With online retailer Amazon announcing its intentions to use unmanned aerial vehicles – or drones – to deliver packages to customers’ homes within the next five years, experts at West Virginia University are hoping the attention drawn to the devices will help accelerate their use.
Marcello Napolitano, mechanical and aerospace professor in WVU’s Statler College of Engineering and Mineral Resources, has been researching drones for multiple projects and started the drone program at WVU about 20 years ago.
“It’s a very gutsy move for Amazon, and I hope now that the corporate world is more interested in using unmanned aerial vehicles that it will move the conversation forward as far as regulations for these drones go,” he said.
“The capabilities of these unmanned aerial vehicles are incredible,” Napolitano said. “With some added attention, the possibilities are endless.”
West Virginia Sen. Jay Rockefeller, who chairs the U.S. Senate Commerce, Science and Transportation Committee, said in a statement recently that he wants “to explore the potential economic benefits of unmanned vehicles in our airspace as well as the potential risks they
may create.” He noted that he plans to hold a hearing early next year to address the economic opportunities and safety standards.
Paul Kinder, a research scientist with the WVU Natural Resource Analysis Center, said the Center has been using manned aircrafts for several years to map natural resources around the state — from coal to oil and gas to wildlife — and now is exploring drone-based technologies.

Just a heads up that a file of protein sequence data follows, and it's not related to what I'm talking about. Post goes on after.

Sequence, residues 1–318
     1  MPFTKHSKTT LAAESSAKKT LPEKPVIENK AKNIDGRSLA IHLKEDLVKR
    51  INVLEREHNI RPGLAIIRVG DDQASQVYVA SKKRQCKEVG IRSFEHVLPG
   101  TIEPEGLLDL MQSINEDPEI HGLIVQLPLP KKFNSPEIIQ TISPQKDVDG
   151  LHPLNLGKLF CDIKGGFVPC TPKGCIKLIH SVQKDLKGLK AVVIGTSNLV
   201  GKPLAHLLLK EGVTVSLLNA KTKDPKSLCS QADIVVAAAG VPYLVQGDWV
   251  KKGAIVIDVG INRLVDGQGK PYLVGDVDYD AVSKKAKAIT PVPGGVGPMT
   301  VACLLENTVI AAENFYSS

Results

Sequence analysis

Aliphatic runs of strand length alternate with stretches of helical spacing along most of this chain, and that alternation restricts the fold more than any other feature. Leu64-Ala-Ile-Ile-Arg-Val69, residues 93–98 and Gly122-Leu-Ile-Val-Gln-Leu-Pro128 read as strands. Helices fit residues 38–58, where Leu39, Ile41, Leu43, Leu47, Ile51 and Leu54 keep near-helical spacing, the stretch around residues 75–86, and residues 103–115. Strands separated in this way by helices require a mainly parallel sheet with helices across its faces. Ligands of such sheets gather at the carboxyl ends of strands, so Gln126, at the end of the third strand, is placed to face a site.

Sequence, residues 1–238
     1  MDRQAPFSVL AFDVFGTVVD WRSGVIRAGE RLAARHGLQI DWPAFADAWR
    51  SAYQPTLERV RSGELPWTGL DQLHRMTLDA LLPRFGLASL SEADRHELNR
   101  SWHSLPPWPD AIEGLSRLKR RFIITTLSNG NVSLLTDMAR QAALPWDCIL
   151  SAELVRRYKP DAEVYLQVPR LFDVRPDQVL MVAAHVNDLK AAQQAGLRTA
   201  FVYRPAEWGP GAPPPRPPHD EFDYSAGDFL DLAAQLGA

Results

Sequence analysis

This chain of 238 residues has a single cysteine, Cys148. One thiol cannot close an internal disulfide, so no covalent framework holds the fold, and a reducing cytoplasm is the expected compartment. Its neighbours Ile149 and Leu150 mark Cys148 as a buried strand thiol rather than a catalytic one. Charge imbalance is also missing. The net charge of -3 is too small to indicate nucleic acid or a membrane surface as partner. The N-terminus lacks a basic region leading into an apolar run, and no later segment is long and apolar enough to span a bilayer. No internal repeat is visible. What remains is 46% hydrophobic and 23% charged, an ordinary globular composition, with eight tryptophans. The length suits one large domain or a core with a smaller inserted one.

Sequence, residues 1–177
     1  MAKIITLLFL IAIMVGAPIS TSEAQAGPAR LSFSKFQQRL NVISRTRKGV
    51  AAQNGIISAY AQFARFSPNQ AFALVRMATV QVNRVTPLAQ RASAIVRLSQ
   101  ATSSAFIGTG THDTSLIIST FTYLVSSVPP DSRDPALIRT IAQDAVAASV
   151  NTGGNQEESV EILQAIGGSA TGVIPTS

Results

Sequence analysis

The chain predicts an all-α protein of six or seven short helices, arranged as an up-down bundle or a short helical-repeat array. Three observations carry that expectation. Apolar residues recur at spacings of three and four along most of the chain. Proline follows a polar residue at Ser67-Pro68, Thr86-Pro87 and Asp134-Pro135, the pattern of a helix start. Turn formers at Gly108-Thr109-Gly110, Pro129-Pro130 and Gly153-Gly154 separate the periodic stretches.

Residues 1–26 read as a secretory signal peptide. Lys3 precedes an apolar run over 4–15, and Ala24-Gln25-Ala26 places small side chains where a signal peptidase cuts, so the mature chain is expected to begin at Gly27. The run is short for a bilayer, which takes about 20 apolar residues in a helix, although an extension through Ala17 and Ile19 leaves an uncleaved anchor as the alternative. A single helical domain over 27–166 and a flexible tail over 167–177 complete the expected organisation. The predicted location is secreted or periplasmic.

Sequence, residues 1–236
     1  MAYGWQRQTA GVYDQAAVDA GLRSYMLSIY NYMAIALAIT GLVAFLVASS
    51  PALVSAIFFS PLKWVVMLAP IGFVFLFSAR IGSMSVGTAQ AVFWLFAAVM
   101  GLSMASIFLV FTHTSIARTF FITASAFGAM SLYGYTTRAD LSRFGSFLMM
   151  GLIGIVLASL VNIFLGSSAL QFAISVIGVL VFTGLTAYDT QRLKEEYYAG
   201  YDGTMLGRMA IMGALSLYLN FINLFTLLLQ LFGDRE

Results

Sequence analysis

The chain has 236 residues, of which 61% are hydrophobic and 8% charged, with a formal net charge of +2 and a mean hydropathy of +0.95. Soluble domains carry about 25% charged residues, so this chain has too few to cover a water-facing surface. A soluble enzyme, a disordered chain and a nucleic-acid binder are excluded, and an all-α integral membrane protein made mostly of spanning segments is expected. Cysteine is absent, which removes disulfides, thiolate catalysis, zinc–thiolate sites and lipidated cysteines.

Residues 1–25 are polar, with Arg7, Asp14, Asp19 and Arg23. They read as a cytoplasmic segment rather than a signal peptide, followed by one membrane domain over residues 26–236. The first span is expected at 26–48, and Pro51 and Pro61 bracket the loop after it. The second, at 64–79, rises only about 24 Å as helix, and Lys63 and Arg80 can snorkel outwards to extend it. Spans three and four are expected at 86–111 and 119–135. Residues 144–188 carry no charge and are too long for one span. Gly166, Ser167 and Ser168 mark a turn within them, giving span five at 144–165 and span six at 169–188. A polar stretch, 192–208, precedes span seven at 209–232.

“We are working to better understand the dynamics of water temperatures in mountain streams that have trout. High temperatures are lethal to trout, but with a drone and thermal sensor, we can map surface water temperatures and identify danger zones of warming as well as areas where springs and ground water offer cooler temperatures as refuge to trout especially in the summer months,” Kinder said.
“Knowing character of stream temperatures through drone-based mapping helps us determine areas in most need of stream and riparian vegetation restoration. Much like in night-vision goggles, warmer areas of the stream show up as white while cooler areas are darker.”
“From there, we can determine how to fix certain areas,” he said.
Other natural resource and wildlife applications include the tracking of black bear and deer populations without imposing on people’s privacy, he said.
The ability to fly unmanned aircraft vehicles could expand the research the Center is able to do. While privacy is a concern with drones — equipped with sensors, cameras and video capabilities — Kinder said the areas the Center interested in are more rural so the drones pose less of a threat.